Austin J Biosens & Bioelectron. 2015;1(3): 1012.
Shibsekhar Roy¹* and Joseph Oâ€™Mahony²
¹Pharmaceutical and Molecular Biotechnology Research Centre, Waterford Institute of Technology, Ireland
²School of Engineering, Waterford Institute of Technology, Ireland
*Corresponding author: Shibsekhar Roy, Pharmaceutical and Molecular Biotechnology Research Centre, Waterford Institute of Technology, Cork Road Campus, Waterford, Ireland
Received: June 22, 2015; Accepted: June 23, 2015; Published: June 25, 2015
One of the primary challenges faced by the present day diagnostic industry is to develop novel strategies for analysing multiple samples in parallel without compromising the target specificity and Limit of Detection (LOD). This requirement has led to the emergence of assay platforms that can efficiently analyse multiple samples or to put it into context, a sample containing multiple bio-markers with a single test. These new generations of assay methods are commonly known as multiplex bioassays. Clinical diagnostic industries embracing this multiplex platform are capable of offering simultaneous analysis of up to 100 biomarkers within a single sample. The target analytes are more often customizable and include (but not limited to) metabolic, immune/auto-immune, isotyping, cell/tissue-typing, cytokines, and genotyping.
The modes of detection for multiplexed bioassays mainly are absorbance, fluorescence, Raman scattering, and Surface Plasmon Resonance (SPR). However, one bottleneck for various multiplex techniques occurs when multiple targets are present in an analyte with a highly disproportionate ratio. The presence of trace amounts of key analytes may remain undetected or more commonly get masked by some abundant co-analytes. Hence, very often vital information may be potentially lost as a key component remains undiagnosed. This limits the very basic requirement of multiplex bio-assays, which is to detect all the target analytes efficiently from a mixture.
To address this limitation, scientists have come up with an approach, which can significantly improve the detection efficiency for trace analytes by enhancing the optical signals (transmission) by introducing an assay platform involving a specifically patterned noble metal nano surface. This platform, which is an extension of traditional SPR methodologies, is known as Enhanced Optical Transmission (EOT) and the patterns formed on the noble metal surfaces are arrays of nanoholes with defined diameter and periodicity. This generation of assay platform or sensors is known as â€˜Nanohole Biosensorsâ€™ .
In aperture theory an old school of thought was that the amount of transmitted light through an aperture in a metal sheet (necessarily opaque) should be inversely proportional to the hole-area. This notion was built upon some interesting optical experiments performed by Bethe et al during 1930s . In this work, he showed that, if the hole diameter is smaller than wavelength of transmitted light, then transmittance, T Î± (d/Î»)4 (d=hole diameter and Î»= wavelength). This classical aperture theory was based on a single hole in an infinitely thin slab and was further extended to real metals and hole arrays.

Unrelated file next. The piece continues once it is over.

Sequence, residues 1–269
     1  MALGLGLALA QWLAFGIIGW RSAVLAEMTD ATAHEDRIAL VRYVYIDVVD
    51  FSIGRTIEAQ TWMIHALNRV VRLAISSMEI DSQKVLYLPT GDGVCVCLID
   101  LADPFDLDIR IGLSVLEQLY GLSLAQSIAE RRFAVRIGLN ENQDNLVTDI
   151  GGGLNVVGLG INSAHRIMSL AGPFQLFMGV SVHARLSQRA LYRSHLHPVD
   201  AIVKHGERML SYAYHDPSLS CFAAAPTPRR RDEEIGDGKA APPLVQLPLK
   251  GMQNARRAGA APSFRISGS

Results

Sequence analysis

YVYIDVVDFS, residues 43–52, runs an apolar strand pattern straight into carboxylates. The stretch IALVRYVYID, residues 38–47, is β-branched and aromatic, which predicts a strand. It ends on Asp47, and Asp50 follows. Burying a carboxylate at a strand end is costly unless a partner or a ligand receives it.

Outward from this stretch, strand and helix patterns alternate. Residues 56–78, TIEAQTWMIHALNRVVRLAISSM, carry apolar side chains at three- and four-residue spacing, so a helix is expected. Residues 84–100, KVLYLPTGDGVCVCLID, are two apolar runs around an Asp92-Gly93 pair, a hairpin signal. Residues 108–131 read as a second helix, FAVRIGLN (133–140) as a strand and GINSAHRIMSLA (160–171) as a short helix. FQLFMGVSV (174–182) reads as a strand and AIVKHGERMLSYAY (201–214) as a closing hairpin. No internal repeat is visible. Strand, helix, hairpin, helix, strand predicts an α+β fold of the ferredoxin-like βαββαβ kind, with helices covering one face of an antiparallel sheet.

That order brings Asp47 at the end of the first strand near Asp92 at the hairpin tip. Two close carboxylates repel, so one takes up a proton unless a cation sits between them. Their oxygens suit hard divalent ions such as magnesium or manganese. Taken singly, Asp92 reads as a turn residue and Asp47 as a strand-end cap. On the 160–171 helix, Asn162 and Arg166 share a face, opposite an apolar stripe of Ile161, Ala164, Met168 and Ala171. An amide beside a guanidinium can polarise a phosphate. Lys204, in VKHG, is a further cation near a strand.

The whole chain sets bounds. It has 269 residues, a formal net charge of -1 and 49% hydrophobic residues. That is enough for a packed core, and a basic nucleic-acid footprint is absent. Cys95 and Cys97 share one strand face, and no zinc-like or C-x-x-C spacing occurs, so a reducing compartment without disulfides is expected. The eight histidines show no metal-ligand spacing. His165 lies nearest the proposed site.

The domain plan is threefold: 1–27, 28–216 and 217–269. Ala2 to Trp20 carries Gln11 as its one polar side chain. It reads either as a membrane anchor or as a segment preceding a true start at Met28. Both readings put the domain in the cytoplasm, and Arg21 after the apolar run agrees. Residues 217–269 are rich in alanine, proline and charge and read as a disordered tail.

However, it took the physicists nearly six decades to discover something very different. In 1998, Ebbesenâ€™s research group performed a pioneering experiment on the transmission of light through nanohole arrays fabricated on Gold and Silver thin films . They observed a significant deviation from the classical aperture theory as the amount of transmitted light was observed to be significantly larger than that predicted for particular wavelengths. They also observed that the noble metal thin film had become more transparent than predicted. This is indicative of more light transmission than the amount impacted on the hole. This highly unpredicted observation was termed as Extraordinary Optical Transmission (EOT). However, the effect gradually wore off when noble metals were replaced by other metals. The maximum transmission peaks were found to be a function of the nanohole periodicity. From the outset, EOT looked like a potential game-changer in optical instrumentation, especially for high precision sensing devices (Figure 1).
Figure 1: Nanohole biosensor is a high throughput optical platform for improving state of the art bio-assay sensitivity.
The next big step was to understand the phenomena properly to make maximum use of EOT in device fabrication. Before divulging into the theories behind EOT through nanohole arrays, it is essential to understand the Surface Plasmon Polariton (SPP) or in short, Surface Plasmon (SP) itself. It will also be important to understand how differently a single nanohole interacts with the SP compared to the nanohole array.
SPPs are described as collective charge oscillations produced by the resonant interaction between free electrons and light at the interface of dielectric materials and metallic surface. It was mathematically derived by solving Maxwellâ€™s equations under the condition where the in-plane vector, k that is continuous at the interface between semi-infinite metal surface having complex di-electric function (dielectric constant Îµm) and the di-electric medium (di-electric constant Îµd) displays the interaction between refraction and absorption. This is given in equation 1.
It is quite evident here that the dielectric functions, Îµm and Îµd must be of opposite sign if â€˜kâ€™ needs to be a real component assuming the strong conduction behaviour of Îµm. In this situation, the magnitude of kSP will always be larger than the photon (kL= Ï‰/c) - making the coupling between light and SP not feasible. Hence, the primary requirement would be to increase the value of wave vector of photons to be equal to the value of kSP.